The son of two orchestral violinists, McCallum was immersed in culture from the jump. He played the oboe but evinced an interest in acting fairly early on. His big-screen breakthrough, like Vaughn, came slot gacor in a Sturges film. McCallum was the POW who devised a way to dispose of the dirt from the tunneling effort in “The Great Escape.” A year later, he was Kuryakin. What came next?
McCallum stuck to television and played another would-be World War II escapee in the early-’70s BBC series “Colditz.” He worked steadily (and starred in Jim Wynorski’s super-sleazy 1990 horror flick “The Haunting of Morella”), but became something of a journeyman until he hit, er, paydirt as medical examiner Dr. Donald “Ducky” Mallard on “NCIS” in 2013. The CBS ratings powerhouse was his homecourt until the end, and fans of the series are always quick to single him out as a favorite. He was on the show for all 20 seasons, and his presence will be missed on the show. “He was a scholar and a gentleman, always gracious, a consummate professional, and never one to pass up a joke. From day one, it was an honor to work with him, and he never let us down. He was, quite simply, a legend. He was also family and will be deeply missed,” said NCIS executive producers Steven D. Binder and David North in a statement.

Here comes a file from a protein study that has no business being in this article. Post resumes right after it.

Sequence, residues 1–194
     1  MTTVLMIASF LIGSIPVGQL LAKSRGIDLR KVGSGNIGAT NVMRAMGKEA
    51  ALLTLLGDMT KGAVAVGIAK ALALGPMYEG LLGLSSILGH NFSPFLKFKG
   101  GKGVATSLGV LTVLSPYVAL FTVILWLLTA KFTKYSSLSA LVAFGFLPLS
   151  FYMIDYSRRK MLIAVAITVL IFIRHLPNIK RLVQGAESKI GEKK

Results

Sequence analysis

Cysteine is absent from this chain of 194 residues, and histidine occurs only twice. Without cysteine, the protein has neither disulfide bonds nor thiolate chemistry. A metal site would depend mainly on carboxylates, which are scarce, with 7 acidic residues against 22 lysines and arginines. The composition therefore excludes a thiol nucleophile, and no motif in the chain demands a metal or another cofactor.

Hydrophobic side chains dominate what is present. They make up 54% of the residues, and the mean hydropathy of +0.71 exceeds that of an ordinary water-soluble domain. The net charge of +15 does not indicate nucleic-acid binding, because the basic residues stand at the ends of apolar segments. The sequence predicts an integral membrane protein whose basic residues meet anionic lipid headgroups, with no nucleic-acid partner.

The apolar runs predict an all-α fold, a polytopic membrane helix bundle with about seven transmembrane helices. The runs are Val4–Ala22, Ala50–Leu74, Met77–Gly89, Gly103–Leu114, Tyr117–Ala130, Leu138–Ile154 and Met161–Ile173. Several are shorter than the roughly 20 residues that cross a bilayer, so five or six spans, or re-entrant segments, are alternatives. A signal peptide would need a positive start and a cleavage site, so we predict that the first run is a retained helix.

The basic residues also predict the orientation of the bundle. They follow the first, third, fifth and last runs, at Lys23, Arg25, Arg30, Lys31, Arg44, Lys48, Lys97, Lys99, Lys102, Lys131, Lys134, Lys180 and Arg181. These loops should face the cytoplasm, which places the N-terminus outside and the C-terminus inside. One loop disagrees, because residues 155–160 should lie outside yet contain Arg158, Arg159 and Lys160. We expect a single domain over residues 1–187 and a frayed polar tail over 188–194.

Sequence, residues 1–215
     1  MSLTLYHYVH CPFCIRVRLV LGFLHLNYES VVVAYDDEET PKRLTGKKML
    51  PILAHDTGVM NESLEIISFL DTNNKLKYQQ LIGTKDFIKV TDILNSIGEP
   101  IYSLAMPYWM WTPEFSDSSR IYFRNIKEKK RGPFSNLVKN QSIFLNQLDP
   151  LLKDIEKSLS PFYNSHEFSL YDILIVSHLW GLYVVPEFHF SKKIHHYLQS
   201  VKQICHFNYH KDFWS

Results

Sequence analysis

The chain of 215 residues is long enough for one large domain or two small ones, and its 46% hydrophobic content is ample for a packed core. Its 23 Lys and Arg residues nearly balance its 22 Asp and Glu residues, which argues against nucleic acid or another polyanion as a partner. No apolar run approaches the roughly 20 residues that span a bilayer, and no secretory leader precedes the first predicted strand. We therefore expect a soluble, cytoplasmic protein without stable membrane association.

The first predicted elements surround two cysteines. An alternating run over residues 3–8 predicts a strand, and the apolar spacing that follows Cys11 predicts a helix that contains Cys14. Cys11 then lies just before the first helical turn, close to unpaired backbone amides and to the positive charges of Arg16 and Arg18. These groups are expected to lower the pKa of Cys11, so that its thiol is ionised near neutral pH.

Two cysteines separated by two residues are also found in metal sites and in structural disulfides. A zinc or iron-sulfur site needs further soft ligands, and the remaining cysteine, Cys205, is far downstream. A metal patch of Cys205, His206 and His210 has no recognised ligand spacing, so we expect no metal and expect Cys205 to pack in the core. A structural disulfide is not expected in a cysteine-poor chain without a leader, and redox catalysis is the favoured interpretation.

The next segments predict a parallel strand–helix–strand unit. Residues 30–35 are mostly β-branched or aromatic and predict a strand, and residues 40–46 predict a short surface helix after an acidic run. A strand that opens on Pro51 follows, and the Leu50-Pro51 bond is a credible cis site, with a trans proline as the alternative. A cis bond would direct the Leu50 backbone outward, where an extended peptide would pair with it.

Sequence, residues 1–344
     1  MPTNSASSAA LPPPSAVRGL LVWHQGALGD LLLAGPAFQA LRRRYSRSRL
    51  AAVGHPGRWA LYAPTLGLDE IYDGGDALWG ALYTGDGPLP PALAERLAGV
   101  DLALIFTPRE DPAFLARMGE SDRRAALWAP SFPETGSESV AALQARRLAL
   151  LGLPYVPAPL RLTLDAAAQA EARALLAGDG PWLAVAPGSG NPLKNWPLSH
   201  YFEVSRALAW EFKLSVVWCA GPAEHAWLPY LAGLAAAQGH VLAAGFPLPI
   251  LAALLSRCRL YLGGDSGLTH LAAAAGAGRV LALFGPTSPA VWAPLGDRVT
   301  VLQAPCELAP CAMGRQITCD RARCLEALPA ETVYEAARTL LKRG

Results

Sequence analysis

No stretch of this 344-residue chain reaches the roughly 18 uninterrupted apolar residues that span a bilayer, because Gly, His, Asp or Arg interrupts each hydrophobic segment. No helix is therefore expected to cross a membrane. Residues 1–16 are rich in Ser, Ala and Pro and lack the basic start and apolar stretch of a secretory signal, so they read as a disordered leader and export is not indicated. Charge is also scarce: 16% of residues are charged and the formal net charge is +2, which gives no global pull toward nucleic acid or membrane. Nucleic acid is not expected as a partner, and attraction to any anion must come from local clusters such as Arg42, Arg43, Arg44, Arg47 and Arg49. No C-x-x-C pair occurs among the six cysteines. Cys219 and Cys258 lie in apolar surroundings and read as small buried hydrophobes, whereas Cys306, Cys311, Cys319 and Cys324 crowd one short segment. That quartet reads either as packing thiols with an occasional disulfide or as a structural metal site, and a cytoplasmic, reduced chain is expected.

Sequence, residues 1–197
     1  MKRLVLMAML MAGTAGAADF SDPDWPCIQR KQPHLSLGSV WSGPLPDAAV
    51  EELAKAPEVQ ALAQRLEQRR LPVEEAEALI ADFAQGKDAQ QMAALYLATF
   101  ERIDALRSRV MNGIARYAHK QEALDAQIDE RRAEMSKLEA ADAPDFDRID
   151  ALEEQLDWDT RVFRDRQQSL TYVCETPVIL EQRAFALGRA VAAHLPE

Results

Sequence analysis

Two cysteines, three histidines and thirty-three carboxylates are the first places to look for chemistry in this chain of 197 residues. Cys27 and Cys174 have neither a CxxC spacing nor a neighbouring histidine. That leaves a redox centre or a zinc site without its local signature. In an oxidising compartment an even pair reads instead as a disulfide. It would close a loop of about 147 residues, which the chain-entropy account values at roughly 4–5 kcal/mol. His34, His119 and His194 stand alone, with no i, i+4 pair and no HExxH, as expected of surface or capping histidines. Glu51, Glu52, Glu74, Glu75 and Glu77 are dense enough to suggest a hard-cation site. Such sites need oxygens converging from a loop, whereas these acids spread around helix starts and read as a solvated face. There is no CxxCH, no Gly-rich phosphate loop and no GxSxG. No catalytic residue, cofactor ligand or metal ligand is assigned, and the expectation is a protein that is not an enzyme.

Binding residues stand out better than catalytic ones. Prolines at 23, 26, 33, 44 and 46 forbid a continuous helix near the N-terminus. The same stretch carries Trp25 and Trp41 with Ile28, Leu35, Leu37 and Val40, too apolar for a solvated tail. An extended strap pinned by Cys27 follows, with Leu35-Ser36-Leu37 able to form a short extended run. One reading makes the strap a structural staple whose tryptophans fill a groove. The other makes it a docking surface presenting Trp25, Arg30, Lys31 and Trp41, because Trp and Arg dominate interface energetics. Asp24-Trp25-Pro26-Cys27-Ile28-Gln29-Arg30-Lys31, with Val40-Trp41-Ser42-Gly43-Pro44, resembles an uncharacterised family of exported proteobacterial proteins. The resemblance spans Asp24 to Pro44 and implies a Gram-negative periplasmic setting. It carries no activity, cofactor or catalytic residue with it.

But it’s his intoxicatingly fashionable Illya Kuryakin that will echo throughout the ages. For four seasons of television, McCallum was a lethal, turtlenecked dreamboat. Survivors also include grandchildren Julia, Luca, Iain, Stella, Gavin, George, Alessandro and Whit.